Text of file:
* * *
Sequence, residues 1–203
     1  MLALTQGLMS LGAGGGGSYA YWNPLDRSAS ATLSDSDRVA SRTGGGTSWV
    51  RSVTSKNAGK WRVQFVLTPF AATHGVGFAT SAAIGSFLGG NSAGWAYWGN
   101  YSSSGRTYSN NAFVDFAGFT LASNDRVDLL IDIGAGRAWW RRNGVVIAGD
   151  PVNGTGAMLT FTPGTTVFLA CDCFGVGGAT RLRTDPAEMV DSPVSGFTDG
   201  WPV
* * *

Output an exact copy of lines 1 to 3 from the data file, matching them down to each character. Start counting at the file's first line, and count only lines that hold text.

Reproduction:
Sequence, residues 1–203
     1  MLALTQGLMS LGAGGGGSYA YWNPLDRSAS ATLSDSDRVA SRTGGGTSWV
    51  RSVTSKNAGK WRVQFVLTPF AATHGVGFAT SAAIGSFLGG NSAGWAYWGN